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Quantifying the impact of submarine melting on calving is central to understanding the response of marine-terminating glaciers to ocean forcing. Modeling and observational studies suggest the potential for submarine melting to amplify calving (the calving multiplier effect), but there is little consensus as to under what conditions this occurs. Here, by viewing a marine-terminating glacier as an elastic beam, we propose an analytical basis for understanding the presence or absence of the calving multiplier effect. We show that as a terminus becomes undercut it becomes more susceptible to both serac failure (calving only of ice that is undercut, driven by vertical imbalance) and rotational failure (full thickness calving of ice behind the grounding line, driven by rotational imbalance). By deriving analytical stress thresholds for these two forms of calving, we suggest that the dominant of the two calving styles is determined principally by the shape of melt undercutting. Uniform undercutting extending from the bed to the waterline promotes serac failure and no multiplier effect, while glaciers experiencing linear undercutting that is greatest at the bed and zero at the waterline are more likely to experience rotational failure and a multiplier effect. Our study offers a quantitative framework for understanding where and when the calving multiplier effect occurs, and, therefore, a route to parameterising the effect in ice sheet-scale models.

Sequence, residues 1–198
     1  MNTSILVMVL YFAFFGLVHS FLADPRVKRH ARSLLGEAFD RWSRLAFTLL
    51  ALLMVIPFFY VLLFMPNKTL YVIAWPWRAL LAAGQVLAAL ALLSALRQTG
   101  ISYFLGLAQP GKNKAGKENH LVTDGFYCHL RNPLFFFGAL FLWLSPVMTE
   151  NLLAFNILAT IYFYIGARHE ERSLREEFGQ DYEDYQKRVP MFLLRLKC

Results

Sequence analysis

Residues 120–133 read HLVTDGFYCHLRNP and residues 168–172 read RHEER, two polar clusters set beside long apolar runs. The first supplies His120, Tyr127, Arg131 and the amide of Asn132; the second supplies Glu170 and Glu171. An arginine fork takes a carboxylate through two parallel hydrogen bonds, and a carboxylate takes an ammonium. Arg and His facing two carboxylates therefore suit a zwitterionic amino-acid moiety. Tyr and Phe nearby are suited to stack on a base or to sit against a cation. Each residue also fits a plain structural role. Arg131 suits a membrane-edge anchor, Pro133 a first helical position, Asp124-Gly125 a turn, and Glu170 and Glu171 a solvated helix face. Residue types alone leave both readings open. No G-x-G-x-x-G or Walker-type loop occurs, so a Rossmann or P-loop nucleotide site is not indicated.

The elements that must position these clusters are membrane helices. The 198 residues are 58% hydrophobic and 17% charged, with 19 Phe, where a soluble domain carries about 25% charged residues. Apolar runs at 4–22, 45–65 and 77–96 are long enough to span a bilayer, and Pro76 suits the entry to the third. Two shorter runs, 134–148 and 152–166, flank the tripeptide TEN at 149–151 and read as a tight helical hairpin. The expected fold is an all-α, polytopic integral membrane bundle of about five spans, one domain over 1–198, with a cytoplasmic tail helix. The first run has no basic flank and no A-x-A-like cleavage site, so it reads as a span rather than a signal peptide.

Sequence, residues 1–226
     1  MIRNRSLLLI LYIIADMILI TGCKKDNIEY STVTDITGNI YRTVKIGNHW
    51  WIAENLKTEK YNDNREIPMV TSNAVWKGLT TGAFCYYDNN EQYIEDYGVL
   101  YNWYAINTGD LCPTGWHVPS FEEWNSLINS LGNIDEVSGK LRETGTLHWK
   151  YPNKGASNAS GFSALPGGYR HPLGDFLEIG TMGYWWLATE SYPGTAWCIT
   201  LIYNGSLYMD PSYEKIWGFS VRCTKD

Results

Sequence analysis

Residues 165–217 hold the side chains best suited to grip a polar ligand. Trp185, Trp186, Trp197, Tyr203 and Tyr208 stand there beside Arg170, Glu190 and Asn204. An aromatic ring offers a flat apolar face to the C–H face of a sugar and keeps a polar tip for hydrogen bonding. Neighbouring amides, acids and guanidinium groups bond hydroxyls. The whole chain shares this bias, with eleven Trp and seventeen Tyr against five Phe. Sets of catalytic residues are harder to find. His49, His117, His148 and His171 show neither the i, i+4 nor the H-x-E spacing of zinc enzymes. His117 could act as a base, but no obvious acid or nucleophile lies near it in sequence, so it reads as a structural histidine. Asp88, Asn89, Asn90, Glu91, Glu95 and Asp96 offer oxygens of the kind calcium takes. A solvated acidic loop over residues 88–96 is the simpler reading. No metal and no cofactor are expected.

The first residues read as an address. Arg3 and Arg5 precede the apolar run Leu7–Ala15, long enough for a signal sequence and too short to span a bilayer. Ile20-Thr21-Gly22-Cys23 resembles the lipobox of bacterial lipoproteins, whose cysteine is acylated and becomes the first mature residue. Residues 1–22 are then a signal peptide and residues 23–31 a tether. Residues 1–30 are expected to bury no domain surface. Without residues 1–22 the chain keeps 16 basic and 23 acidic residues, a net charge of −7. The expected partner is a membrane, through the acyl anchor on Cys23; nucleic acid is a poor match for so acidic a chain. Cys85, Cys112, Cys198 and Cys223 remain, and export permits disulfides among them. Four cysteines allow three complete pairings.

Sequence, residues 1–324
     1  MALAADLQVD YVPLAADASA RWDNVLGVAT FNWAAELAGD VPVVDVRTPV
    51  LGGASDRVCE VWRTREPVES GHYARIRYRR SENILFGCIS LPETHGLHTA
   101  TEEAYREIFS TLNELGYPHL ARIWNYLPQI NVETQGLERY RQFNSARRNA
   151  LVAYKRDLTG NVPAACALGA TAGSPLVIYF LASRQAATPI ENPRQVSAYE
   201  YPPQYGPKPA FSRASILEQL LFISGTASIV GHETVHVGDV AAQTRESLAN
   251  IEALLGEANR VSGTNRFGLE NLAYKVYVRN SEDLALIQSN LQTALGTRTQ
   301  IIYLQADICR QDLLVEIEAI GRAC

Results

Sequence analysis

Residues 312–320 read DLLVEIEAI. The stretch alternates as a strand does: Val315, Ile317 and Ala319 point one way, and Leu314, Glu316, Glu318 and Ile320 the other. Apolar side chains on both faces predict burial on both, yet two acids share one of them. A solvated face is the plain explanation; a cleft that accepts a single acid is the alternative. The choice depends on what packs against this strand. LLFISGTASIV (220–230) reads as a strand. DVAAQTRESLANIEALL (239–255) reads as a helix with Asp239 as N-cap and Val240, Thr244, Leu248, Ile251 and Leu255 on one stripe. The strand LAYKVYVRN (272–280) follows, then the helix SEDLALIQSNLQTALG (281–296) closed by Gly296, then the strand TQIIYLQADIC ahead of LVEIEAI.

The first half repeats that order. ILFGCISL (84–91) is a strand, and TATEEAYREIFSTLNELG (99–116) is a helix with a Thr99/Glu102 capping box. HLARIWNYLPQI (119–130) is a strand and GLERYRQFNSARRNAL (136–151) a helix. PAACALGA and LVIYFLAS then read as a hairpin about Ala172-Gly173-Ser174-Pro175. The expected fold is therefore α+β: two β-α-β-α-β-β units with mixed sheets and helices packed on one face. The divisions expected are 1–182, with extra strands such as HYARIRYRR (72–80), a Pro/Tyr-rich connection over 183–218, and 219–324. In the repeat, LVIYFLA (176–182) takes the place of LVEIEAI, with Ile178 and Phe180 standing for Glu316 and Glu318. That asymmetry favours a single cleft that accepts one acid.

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Next generation projections of sea level contribution and freshwater export from the Greenland Ice Sheet
22/03/21 → 21/03/26